5. Focus on food
Sri Lankan food is delicious, so make the most of it while you’re there. However, knowing where and when to find the good stuff may prove a harder task than you anticipated. Bowl-shaped hoppers (savoury rice flour crêpes) are a highlight, though they are typically only served first thing in the morning or in late afternoon. Rice and curry is a lunchtime affair, while kottu rotty (chopped flatbread stir-fried with eggs and vegetables) is only available in the evening.
Those familiar with Asia will be surprised at the lack of street food stalls; instead, some of the best food can be found in the kitchens of small guesthouses.
6. Consider Colombo
With jazz clubs, rooftop bars, boutique stores and internationally acclaimed restaurants, Colombo can no longer be considered a mere gateway city. And though there are a number of sights to see, the capital is also a great place to simply settle in and get a sense of what local life is like.
Watch families fly kites on Galle Face Green at sunset; cheer for the national cricket team at the R Premadasa Stadium, or observe grandmothers swathed in vivid saris bargain with stallholders at Pettah Market.
7. Plan around the seasons
While the monsoon rains might not dampen your enthusiasm for exploring bear in mind that experiences can vary wildly depending on the season. If you’re desperate to climb Adam’s Peak, for example, then visit during pilgrimage season (December–May).
Outside of these months it’s still possible to hike to the summit, but the myriad tea shops that line the path will be closed. You’ll also tackle the peak with a handful of tourists instead of hundreds of local devotees, meaning much of the atmosphere and camaraderie among climbers is lost.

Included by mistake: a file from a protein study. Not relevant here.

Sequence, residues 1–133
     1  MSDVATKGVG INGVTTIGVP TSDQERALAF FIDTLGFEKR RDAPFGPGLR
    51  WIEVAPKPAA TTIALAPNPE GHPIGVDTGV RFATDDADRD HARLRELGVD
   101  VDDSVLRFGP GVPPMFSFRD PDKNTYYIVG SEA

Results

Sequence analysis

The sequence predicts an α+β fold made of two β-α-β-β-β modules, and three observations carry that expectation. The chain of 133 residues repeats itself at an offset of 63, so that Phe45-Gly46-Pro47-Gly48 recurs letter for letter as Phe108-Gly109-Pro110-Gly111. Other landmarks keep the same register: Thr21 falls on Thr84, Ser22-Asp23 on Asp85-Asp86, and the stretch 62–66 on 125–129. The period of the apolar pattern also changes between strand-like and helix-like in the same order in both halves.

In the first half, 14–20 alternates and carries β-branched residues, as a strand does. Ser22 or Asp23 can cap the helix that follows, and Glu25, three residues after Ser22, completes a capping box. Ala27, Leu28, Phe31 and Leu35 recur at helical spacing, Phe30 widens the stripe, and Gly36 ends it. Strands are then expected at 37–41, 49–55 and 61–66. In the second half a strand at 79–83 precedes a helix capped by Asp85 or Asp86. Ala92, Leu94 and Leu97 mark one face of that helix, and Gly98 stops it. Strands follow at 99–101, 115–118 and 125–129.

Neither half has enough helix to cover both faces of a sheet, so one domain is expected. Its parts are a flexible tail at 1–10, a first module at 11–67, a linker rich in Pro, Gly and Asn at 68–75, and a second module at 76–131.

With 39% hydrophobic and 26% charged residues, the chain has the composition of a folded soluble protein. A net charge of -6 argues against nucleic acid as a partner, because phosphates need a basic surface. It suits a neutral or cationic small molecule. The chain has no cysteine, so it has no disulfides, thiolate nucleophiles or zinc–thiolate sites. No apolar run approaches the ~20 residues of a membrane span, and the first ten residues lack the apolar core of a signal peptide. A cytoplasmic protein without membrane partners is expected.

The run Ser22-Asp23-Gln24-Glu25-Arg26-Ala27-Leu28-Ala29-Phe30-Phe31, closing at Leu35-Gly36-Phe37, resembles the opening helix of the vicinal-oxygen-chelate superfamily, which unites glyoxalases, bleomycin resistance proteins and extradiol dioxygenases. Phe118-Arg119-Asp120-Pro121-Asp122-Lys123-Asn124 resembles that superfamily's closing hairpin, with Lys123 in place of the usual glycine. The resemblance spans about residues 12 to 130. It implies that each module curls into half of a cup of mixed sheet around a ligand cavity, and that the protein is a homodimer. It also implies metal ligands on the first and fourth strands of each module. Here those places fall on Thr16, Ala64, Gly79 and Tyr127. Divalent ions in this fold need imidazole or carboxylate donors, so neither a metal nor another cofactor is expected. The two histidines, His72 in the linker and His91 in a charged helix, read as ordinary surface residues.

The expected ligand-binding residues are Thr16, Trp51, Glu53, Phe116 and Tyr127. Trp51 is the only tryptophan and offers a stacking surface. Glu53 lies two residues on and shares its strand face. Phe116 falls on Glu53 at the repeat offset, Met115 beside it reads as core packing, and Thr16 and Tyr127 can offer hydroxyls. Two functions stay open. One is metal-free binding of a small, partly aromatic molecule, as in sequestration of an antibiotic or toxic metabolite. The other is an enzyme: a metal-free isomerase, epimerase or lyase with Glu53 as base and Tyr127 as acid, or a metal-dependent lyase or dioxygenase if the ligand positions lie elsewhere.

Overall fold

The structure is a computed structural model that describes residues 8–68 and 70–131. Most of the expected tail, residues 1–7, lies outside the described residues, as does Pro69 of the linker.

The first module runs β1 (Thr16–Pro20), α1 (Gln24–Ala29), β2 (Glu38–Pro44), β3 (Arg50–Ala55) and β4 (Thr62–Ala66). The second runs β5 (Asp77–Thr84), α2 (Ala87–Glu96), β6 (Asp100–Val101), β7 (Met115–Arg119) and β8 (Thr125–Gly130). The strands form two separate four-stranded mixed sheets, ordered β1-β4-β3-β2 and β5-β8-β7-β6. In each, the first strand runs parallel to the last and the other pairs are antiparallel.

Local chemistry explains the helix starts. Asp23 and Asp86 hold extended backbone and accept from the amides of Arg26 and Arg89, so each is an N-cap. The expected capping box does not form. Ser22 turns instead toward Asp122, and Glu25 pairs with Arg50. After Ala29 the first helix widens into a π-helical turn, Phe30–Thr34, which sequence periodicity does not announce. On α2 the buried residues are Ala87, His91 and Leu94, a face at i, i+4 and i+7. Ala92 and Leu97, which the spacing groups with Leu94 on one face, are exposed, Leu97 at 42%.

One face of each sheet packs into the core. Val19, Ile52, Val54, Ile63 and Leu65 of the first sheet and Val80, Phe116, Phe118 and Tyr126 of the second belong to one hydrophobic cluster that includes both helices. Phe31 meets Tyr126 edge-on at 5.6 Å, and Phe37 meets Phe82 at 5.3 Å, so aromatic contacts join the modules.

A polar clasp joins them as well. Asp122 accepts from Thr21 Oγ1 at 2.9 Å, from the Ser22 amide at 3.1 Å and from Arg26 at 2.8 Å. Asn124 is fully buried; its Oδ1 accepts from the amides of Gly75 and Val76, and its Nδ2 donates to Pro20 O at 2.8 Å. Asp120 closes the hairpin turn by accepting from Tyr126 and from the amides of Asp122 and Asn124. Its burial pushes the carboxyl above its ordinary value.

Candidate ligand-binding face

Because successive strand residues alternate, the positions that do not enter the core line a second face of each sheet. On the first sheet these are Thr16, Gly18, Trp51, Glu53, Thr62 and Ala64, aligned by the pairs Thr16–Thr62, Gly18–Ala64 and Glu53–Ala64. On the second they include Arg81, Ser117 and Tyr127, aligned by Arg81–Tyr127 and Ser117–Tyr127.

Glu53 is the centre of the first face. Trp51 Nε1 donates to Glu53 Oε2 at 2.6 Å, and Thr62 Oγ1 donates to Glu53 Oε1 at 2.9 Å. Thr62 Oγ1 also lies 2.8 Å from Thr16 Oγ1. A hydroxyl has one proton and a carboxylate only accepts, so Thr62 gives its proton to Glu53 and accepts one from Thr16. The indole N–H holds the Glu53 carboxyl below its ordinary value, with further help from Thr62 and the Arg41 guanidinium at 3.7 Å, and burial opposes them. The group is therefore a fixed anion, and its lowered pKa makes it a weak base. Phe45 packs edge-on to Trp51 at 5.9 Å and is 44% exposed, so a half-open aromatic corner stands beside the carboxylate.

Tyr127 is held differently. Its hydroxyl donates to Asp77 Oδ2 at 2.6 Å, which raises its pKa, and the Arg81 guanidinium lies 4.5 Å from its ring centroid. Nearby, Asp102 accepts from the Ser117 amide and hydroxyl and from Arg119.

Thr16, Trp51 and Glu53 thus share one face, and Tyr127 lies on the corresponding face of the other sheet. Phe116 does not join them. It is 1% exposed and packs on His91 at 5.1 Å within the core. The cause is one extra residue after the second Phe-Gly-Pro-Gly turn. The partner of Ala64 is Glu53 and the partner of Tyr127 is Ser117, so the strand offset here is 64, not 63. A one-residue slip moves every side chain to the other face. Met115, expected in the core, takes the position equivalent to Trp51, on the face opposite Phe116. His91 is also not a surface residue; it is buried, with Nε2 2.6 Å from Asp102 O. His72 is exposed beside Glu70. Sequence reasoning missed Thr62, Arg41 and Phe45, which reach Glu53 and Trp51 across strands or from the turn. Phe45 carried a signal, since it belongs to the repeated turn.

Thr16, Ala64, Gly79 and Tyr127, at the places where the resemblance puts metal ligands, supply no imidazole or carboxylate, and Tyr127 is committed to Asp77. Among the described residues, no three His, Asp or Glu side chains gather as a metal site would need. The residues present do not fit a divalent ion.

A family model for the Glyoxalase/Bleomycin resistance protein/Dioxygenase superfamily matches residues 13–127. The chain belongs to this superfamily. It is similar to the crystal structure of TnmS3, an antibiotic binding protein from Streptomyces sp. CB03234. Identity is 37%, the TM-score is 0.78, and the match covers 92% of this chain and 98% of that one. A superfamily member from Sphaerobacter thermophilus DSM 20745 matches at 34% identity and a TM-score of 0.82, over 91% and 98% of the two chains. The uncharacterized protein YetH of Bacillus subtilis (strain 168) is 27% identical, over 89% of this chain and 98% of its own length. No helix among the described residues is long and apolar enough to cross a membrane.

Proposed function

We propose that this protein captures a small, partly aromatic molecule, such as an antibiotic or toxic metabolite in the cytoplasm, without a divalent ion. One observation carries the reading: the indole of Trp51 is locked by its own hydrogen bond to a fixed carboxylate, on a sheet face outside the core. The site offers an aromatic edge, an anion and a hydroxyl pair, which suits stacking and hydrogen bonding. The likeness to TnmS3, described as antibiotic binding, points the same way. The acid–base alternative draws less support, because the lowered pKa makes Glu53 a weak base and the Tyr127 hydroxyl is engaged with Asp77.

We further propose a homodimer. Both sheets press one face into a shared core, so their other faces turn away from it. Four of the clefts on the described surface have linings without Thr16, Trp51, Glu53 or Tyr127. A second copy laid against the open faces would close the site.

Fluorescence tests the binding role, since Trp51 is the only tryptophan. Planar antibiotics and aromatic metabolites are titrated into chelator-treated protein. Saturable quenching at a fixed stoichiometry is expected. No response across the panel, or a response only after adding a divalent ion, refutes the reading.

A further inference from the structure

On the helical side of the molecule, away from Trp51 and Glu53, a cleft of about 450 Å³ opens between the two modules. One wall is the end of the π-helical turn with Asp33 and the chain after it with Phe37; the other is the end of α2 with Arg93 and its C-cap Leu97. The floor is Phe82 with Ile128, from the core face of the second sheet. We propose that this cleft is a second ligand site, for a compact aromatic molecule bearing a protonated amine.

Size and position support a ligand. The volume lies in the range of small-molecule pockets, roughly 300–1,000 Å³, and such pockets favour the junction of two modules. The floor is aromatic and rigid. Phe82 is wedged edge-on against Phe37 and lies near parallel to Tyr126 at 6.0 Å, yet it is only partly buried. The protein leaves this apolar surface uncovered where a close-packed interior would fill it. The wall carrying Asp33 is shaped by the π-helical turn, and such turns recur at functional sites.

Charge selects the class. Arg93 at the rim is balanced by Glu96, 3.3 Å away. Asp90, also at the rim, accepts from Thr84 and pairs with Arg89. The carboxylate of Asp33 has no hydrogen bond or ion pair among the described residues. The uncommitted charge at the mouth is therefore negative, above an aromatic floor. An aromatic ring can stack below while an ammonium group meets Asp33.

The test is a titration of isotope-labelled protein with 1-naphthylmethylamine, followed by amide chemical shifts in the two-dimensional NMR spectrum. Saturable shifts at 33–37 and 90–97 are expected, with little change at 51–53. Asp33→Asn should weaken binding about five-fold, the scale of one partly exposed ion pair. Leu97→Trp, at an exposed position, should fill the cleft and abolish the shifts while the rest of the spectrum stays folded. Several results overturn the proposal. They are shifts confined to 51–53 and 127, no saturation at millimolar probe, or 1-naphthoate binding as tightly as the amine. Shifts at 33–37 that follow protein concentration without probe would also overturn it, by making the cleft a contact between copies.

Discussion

8. Get active
Sri Lanka might be known for its stupas, beaches and tea plantations, but it’s also crammed with adrenaline-packed activities. Why not try surfing in Arugam Bay, hiking the Knuckles Mountain Range or white-water rafting in Kelaniya Ganga, Kitulgala. Cycling holidays are also becoming increasingly popular with a number of international tour operators offering specialist tours.
9. Make the most of your money
By western standards Sri Lanka is still a cheap destination, but prices are rising quickly: the cost of a cultural show in Kandy has doubled in the last year alone.
For everyday items such as tea and toothpaste, head to the supermarkets in big cities where you can rest assured that you’re not paying over the odds. In the corner shops of smaller cities simply check the packaging, which has the price printed next to the letters “Rs.” (meaning rupees).
10. Understand the culture
At its closest point, only 18 miles of aquamarine waters separate Sri Lanka and India – but there’s a world of difference between the two. The pace of life in Sri Lanka feels much less frantic than that of its neighbour, which makes it ideal for those intrigued, yet intimidated, by India.
Few locals bat an eyelid at western visitors and while covering up is always appreciated (and necessary at places of worship), wearing shorts and vests is unlikely to attract much attention.
Explore Sri Lanka with The Rough Guide to Sri Lanka. Compare flights, find tours, book hostels and hotels for your trip, and don’t forget to purchase travel insurance before you go.